I first learnt willow-weaving at the Centre for Alternative Technology (CAT) in Machynlleth, Wales. I spent a happy 9 months there in 1998 as a site maintenance volunteer which suited my ‘Jack-of-all-trades’ character. My role involved doing anything from maintaining the reed beds which treated the sewage, putting up signs on the visitor circuit, to pruning the orchard, cleaning solar panels and wind turbines, making compost, feeding chickens and pigs, to building arches and fences from living willow. The latter got me hooked on willow-weaving.
From then on I was hooked on creating with willow
After studying, volunteering and working abroad for several years I settled down on the family farm in Kent and got a job as a conservation officer with Kent County Council . In this job I got plenty of opportunity to practice willow-weaving. I remember making plant supports with young asylum seekers who came to our nature reserves weekly. One young man from Afghanistan didn’t want to follow my instructions and instead made a curved-based basket for carrying food, based on what they used in the mountain region where he had lived. I also spent many hours weaving little bird feeders or stars or Christmas wreaths with children and families.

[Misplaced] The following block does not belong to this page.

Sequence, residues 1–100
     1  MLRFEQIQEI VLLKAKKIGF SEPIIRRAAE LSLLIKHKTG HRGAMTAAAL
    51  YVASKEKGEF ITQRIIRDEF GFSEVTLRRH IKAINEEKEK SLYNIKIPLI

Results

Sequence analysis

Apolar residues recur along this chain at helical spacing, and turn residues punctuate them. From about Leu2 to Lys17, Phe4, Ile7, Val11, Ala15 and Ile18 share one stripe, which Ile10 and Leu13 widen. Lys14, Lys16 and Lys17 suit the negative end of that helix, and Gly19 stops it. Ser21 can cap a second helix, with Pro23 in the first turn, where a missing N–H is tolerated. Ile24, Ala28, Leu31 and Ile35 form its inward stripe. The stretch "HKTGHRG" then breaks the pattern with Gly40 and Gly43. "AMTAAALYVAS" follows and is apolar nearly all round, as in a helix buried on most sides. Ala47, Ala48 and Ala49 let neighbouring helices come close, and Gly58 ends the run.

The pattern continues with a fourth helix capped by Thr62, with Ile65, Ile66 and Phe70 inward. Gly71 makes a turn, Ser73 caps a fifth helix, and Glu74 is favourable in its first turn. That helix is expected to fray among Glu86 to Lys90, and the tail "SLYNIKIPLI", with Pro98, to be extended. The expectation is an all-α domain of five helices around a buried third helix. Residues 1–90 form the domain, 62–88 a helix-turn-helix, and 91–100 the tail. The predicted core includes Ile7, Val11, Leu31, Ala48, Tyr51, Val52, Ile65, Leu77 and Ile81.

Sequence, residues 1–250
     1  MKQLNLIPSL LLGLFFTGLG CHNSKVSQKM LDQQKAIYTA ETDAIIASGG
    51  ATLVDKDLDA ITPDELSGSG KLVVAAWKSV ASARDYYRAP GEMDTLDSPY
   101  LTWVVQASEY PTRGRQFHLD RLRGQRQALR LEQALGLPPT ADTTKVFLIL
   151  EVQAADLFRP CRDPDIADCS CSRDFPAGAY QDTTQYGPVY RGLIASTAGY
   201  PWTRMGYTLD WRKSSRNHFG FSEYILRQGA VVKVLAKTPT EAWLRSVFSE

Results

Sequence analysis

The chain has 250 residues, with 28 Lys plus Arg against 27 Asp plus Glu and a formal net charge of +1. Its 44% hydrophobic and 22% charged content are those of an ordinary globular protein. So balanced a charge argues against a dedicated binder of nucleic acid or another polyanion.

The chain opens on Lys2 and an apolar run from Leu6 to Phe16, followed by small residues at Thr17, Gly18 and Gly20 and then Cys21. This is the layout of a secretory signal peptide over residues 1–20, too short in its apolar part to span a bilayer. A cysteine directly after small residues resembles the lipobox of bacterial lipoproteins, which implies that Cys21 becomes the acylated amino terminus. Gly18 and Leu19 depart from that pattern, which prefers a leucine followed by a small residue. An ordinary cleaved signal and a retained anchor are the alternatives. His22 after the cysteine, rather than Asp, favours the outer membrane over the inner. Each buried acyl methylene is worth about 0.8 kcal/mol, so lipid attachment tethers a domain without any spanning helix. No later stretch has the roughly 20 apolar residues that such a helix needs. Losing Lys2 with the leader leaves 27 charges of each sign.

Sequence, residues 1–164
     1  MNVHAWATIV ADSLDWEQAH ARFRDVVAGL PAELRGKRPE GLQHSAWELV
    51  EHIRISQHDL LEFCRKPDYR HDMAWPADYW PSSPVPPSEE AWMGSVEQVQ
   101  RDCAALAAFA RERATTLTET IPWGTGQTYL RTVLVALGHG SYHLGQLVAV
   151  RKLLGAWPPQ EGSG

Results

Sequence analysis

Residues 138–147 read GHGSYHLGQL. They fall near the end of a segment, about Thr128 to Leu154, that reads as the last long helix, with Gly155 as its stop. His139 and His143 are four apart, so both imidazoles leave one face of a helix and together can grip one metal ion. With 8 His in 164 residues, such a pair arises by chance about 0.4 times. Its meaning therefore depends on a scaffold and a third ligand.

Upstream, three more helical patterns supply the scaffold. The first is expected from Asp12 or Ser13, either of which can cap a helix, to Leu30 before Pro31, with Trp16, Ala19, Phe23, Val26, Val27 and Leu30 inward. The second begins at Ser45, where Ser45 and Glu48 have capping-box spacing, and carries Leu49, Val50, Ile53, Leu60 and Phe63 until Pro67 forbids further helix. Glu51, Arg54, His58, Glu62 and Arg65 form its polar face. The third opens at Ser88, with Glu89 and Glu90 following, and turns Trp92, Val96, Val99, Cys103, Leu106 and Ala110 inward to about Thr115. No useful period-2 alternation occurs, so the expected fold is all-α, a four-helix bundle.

Stepping up a level…
I stepped up a level when Mum and I went on a 2-day basketry and willow-weaving course with John Waller at Bore Place. From then I made log baskets and a laundry basket (that I still use 20 years later) and little hedgerow baskets with ash handles. When Jen and I set up Blooming Green in 2008, one of the first things we made to sell were Christmas wreaths on a willow base. We used willow as an environmentally friendly alternative to sphagnum moss on a wire base.
Growing our own willow
We now have a productive patch of multi-coloured willow which we planted in the middle of the flower plot. There is something very mindful about working with willow; you can feel the fibres within the stem as you bend it and can decide how firm you need to be. If you’re making a wreath, the key is not to kink the willow — whereas for basketry you need to get the willow to kink in the right place around the uprights.
If you would like to learn how to make your own willow-wigwam with Bek, we are running a workshop on Saturday March 11, from 101m-til 1pm. Click here to book
Willow is easy to grow by pushing a one or two-year-old stick into the ground. This is one reason it is so good to use for living structures such as fences arches and chairs
Willow evolved in wet areas and along rivers. When a piece of branch falls into the river it floats along and grows roots once it hits a bit of bank
Its bark contains salicylic acid — the basis for aspirin — and for generations has been used for pain relief by chewing the bark
In the UK willow is second only to oak for having the highest number of wildlife species that rely on it (more than 300 insects and mites and 160 lichens)
Willow comes in almost all the colours of the rainbow; from black to purple, red, orange ,yellow and green. If cut each year, its colourful stems make a wonderful addition to the winter garden
Willow loves a drain — so think carefully about where you plant it. It is recommended that it is planted at least one and a half times the height the willow will be allowed to grow.